It’s About the Kids
December 2, 2020
Written By Neal Fandek
Lesley Newsom, ag instructor and FFA advisor for Senath-Hornersville High School in Senath, Mo., keeps busy with lesson planning, teaching topics ranging from plant science to animal husbandry to biotechnology, and even welding and construction. And that’s not counting the fundraising, bus driving, early mornings, after-hours work and weekends she spends with her FFA students.
But of what is she most proud?
- Not the sleigh. Newsom and her students built a float for the annual Senath Christmas parade. The town mothers and fathers wanted a sleigh for Santa and approached her for help. “We didn’t have a clue how to make a sled,” she confesses. She and her students started with a frame that is now a full-fledged sleigh with six reindeer, packages and a Christmas tree covered in lights.
- Not the trap shooting. Newsom became certified in rifle and pistol instruction so that she could start a trap shooting program at her school. “Kids love shotguns!” she laughs. But she prefers they start with an air rifle. Newsom’s students begin the program with air-rifle handling skills, which prepares them for .22 rifles and then larger calibers. Shooting air rifles and .22-caliber rifles also encourages more girls to get involved, too, since there’s less of a kick when firing.
- Not the market animals. Newsom buys pigs, goats and lambs that her students lovingly tend to and take to FFA competitions. In 2010, the program had two market lambs – now they are up to 14 animals. “My students have to house, feed and train the animals,” Newsom says. “Which is nice because it gets the parents involved, too.”
- It’s the kids. Nobody sits on the sidelines on Newsom’s watch, not even kids who may lack certain skills. “I want to encourage the kids to try new experiences, find that thing that makes them want to strive to be better individuals,” she says. “Livestock showing is one of those things that allows them to grow and succeed.” Newsom credits local farmers, businesses and community members for their support and the parents who help with their kids’ projects and animals.
Parents like Christy McDaniel, whose son Lane has Asperger’s syndrome, a developmental disorder affecting his ability to effectively socialize and communicate. Newsom encouraged Lane to not just raise goats and take them to shows, but also speak clearly and answers judges’ questions.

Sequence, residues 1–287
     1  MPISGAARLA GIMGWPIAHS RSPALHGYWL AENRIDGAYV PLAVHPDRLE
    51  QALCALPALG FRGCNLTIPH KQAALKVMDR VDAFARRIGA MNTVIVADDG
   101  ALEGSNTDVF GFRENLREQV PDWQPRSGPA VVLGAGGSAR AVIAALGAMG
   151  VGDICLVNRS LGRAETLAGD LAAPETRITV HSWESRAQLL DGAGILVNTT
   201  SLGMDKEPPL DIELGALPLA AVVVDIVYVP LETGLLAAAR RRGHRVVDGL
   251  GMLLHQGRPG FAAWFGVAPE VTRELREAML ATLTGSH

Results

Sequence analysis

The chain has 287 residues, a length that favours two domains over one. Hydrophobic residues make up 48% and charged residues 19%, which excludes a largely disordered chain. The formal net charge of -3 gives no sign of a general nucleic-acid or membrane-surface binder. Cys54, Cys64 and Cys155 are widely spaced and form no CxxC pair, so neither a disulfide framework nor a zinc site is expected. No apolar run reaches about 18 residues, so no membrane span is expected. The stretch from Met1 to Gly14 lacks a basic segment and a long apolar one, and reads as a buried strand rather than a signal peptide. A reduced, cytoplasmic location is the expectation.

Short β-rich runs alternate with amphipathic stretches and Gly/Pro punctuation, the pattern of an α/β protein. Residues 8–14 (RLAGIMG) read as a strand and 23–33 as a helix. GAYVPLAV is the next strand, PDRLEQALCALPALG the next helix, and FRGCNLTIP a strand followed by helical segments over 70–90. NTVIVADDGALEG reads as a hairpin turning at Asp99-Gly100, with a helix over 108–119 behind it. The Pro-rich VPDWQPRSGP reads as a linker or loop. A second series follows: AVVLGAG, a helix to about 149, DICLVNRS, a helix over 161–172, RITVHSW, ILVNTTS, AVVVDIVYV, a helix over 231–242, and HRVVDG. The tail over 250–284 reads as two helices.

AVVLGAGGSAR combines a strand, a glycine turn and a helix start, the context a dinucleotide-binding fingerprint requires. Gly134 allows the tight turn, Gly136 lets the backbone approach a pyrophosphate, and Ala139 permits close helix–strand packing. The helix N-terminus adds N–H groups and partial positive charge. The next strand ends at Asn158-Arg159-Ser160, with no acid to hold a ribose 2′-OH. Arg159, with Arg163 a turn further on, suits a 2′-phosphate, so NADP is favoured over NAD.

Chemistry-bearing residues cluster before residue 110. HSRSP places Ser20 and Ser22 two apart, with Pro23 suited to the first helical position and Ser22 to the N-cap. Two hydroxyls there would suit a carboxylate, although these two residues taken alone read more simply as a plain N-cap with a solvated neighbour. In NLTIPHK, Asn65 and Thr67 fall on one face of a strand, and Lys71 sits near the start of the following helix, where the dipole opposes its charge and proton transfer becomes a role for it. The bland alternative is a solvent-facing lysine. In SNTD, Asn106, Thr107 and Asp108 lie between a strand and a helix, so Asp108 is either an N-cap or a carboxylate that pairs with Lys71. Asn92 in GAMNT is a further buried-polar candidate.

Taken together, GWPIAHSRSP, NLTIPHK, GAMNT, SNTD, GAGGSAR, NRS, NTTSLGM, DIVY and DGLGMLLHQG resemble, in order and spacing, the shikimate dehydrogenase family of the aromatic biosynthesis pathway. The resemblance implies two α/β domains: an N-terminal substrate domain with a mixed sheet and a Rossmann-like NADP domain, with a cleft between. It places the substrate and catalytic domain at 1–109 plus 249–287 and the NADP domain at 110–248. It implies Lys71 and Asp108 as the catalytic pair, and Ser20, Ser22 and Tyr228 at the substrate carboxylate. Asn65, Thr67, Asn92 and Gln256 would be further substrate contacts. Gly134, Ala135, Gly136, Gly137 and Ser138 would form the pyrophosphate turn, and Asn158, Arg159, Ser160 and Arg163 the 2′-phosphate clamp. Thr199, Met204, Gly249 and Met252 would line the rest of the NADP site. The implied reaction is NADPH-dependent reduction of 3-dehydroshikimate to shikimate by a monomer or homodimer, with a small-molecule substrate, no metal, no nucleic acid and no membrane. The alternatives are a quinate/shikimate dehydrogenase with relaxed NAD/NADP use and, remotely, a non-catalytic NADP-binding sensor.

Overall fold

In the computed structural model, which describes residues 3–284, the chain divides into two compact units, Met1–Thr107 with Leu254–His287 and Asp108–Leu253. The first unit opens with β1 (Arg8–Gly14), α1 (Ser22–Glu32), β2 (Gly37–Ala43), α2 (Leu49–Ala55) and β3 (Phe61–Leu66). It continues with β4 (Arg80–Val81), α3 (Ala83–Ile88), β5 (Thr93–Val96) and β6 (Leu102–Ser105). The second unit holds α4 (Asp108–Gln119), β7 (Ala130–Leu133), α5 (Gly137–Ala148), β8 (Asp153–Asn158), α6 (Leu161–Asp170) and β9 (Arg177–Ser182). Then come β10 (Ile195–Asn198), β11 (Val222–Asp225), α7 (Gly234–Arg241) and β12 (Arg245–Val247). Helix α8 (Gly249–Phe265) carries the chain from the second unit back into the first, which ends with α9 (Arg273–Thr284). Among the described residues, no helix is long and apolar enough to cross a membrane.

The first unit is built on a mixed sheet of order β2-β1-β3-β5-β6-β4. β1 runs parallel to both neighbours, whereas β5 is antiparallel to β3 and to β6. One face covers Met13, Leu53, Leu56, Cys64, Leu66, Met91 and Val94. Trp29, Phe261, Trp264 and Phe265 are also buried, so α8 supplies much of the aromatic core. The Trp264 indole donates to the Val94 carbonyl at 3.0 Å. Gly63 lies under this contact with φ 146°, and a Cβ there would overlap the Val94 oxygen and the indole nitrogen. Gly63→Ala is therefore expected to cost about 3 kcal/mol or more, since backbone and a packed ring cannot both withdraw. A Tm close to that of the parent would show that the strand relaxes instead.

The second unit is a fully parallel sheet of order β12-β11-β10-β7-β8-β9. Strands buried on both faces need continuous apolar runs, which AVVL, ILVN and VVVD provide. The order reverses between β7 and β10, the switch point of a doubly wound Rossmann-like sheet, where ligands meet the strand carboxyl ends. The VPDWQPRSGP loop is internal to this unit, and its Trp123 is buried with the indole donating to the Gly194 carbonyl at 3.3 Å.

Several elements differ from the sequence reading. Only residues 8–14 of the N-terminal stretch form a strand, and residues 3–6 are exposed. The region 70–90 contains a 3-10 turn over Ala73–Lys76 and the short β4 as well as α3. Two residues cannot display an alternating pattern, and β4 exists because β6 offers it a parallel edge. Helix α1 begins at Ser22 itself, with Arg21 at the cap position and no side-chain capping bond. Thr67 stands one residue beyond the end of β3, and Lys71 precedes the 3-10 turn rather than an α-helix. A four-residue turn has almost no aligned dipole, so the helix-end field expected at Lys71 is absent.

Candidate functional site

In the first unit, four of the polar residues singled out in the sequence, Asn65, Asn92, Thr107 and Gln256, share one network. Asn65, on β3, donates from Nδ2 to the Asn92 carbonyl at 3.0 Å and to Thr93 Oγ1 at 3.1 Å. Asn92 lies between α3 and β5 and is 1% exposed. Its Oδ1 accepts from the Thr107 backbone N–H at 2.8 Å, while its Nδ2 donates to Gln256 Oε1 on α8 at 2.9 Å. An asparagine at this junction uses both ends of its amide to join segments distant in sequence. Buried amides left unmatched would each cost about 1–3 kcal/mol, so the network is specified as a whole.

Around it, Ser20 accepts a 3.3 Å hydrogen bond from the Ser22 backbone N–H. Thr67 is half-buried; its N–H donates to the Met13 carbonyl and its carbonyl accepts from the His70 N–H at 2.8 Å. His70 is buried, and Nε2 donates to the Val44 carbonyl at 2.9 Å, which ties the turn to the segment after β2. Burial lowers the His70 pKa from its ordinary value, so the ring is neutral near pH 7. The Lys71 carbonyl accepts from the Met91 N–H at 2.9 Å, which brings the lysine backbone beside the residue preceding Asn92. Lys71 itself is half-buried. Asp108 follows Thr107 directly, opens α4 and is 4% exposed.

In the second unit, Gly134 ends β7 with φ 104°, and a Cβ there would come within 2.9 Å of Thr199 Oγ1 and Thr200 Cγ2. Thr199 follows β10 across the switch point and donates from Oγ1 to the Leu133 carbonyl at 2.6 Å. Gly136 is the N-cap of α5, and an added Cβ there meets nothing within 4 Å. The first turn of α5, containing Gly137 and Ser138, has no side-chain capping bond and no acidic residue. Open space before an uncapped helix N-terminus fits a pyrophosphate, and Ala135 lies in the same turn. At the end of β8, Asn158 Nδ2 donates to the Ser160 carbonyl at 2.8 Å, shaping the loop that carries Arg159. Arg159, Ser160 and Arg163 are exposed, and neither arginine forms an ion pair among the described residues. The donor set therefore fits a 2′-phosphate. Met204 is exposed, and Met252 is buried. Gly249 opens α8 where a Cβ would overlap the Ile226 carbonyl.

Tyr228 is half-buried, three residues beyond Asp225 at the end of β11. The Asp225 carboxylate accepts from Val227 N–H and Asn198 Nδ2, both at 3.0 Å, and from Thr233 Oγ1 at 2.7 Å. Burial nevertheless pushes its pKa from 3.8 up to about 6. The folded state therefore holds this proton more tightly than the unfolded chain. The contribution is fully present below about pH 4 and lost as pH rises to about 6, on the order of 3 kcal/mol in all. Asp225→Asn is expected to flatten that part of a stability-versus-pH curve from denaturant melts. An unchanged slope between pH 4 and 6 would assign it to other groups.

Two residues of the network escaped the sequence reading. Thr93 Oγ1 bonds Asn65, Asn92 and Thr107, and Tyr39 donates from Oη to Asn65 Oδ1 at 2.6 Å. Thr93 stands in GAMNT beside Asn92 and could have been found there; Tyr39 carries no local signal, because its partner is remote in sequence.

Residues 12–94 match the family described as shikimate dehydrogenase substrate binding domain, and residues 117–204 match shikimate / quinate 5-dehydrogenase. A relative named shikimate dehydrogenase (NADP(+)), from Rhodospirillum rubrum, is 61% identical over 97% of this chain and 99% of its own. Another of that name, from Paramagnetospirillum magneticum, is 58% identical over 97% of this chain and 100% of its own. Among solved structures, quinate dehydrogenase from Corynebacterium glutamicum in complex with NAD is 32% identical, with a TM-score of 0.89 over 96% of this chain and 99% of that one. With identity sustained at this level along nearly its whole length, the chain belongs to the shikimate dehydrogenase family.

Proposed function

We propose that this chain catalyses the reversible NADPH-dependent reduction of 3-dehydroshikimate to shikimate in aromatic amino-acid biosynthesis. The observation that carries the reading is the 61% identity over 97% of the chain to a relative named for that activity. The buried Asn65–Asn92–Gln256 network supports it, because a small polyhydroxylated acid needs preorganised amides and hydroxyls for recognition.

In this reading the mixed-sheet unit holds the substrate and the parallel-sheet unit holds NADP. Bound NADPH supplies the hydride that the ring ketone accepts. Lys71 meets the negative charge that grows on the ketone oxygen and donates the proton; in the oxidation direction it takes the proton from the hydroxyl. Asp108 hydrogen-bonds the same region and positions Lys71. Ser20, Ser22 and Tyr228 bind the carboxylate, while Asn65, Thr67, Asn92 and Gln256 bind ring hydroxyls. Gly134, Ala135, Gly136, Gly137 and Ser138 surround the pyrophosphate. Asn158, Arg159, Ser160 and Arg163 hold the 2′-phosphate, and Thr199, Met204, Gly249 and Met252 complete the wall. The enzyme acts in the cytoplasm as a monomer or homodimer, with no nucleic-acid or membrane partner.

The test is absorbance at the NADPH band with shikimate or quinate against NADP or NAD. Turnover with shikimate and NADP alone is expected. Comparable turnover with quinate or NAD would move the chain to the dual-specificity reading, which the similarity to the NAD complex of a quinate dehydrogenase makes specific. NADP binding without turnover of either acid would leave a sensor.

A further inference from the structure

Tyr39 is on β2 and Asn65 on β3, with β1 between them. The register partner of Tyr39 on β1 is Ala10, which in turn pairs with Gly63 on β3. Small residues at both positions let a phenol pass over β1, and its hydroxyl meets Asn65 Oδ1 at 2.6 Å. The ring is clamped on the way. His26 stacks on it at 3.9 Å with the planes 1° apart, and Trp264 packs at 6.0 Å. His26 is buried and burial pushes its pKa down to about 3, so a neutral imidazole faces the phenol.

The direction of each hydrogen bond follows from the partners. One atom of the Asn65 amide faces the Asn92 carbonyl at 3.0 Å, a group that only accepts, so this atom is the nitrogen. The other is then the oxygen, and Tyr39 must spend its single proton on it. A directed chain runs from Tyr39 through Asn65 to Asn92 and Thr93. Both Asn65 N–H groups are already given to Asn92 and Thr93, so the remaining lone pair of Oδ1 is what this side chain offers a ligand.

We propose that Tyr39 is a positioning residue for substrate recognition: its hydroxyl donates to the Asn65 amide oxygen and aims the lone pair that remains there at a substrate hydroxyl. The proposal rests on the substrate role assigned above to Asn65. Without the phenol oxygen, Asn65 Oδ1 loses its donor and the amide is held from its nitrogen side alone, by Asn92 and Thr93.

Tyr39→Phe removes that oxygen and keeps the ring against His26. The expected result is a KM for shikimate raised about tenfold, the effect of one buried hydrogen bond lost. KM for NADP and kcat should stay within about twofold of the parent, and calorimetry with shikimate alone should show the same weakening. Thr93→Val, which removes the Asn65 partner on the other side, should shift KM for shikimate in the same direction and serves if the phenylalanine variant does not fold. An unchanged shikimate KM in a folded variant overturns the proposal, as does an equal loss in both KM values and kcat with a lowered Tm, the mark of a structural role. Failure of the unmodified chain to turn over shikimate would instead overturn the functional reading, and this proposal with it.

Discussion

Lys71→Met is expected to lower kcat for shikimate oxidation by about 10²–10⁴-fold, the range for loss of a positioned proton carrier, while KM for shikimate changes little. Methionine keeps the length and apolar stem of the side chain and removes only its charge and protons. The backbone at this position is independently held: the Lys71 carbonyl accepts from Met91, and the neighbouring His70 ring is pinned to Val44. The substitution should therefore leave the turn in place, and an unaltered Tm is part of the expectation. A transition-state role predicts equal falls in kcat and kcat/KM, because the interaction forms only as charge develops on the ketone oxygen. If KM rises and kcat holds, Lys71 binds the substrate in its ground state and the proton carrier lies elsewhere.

When Lane started showing livestock, McDaniel says, he could not make eye contact with judges and found it difficult to stay focused. But Newsom encouraged him to keep at it.
“Lesley accepted him for who he was,” McDaniel adds. “She saw him as an individual, knew exactly when to push, when to back off … she made an effort to be in his life, to include him.”
Lane will soon graduate with a degree in civil engineering from State Technical College in Linn, Mo. He’s also an Eagle Scout, the top rank in Boy Scouts.
McDaniel said none of this would have been possible without Newsom.
“I get teary just thinking about it,” Newsom says. “I try not to get too emotional, but I like to think I helped with his jump to college because of the places we went and the things we did in FFA.”
“Lane is a direct reflection of what can be learned and accomplished when you raise animals and show them in the ring. It goes back to nobody sits on the bench. It’s been a blessing to watch, and his parents gave him a work ethic more people need.”
Jared Gurley, the school’s principal, echoes that sentiment about Newsom.
“I cannot say enough about the work ethic and time she puts in with her FFA program,” Gurley says. “She gives students opportunities that some would not get if it wasn’t for her program.”
For Newsom, it’s always been all about the kids.